Finding out about this, Urban beat his daughter and had all her servants put to death. She would not renounce the faith. Nor would she recant when she was brought to trial, and then put to torture by fire and thrown into the sea — all of which she survived. Returned to prison, she was something of a celebrity, attracting crowds of gawkers and genuine seekers. To all she preached Christ. Her father was replaced by a new governor, and then he was replaced by another, who ordered Christina thrown into a furnace, another ordeal she survived. She was then taken to the arena, where the torturers cut out her tongue, so that she might no longer speak of Jesus Christ. And there, in God’s time, she was executed by arrows or by sword — again depending on which version of the story we read.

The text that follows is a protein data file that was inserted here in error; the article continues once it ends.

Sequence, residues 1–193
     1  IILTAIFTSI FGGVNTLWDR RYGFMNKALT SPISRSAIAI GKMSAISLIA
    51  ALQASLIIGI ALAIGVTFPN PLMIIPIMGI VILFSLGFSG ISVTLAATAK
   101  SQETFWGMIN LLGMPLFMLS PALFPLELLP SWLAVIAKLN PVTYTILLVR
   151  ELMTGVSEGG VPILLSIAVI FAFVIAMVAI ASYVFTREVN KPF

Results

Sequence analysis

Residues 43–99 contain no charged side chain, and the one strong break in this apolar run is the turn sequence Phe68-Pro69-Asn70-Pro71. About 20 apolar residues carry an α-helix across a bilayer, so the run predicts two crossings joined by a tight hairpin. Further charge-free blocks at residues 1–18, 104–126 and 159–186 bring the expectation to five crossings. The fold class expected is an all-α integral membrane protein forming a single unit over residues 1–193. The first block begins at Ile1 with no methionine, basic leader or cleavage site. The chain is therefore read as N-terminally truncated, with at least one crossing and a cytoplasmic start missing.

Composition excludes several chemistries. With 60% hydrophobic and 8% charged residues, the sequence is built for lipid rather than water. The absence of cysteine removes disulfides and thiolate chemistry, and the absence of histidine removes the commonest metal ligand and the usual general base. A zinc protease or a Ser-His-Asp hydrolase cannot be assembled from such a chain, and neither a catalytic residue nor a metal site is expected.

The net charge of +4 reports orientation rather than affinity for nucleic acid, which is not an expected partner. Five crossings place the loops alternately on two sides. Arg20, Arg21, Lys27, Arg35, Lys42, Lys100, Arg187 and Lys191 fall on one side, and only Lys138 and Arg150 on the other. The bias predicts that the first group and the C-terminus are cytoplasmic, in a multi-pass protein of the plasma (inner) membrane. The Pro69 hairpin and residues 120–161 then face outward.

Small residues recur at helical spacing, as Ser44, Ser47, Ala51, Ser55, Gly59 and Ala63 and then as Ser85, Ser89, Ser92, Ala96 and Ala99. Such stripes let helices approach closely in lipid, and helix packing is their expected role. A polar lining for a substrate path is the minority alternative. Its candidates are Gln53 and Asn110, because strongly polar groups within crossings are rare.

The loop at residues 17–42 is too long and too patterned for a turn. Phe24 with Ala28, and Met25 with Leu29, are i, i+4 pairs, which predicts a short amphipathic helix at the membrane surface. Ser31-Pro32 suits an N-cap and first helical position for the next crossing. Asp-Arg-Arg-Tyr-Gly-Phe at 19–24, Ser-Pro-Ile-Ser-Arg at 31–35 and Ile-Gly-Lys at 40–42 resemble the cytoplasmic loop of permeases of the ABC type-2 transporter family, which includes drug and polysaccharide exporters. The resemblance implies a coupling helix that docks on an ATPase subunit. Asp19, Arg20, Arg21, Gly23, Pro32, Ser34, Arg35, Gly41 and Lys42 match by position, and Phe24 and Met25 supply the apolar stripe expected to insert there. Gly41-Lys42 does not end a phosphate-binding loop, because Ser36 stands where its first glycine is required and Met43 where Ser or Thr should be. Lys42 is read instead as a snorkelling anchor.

We know little (or nothing) with certainty about the life of St. Christina or the lives of many of her fellow martyrs in Lebanon. But we know that they are intercessors now before the throne of the Lamb, and that they cry out, “How long?” (Rev 6:10).
St. Christina and all you martyrs of the Middle East, pray peace for your lands today!
And as for you, gentle reader: You might consider reading William Dalrymple’s From the Holy Mountain. It’s a moving (though far from perfect) account of his travels among the vanishing Christian peoples of the Middle East.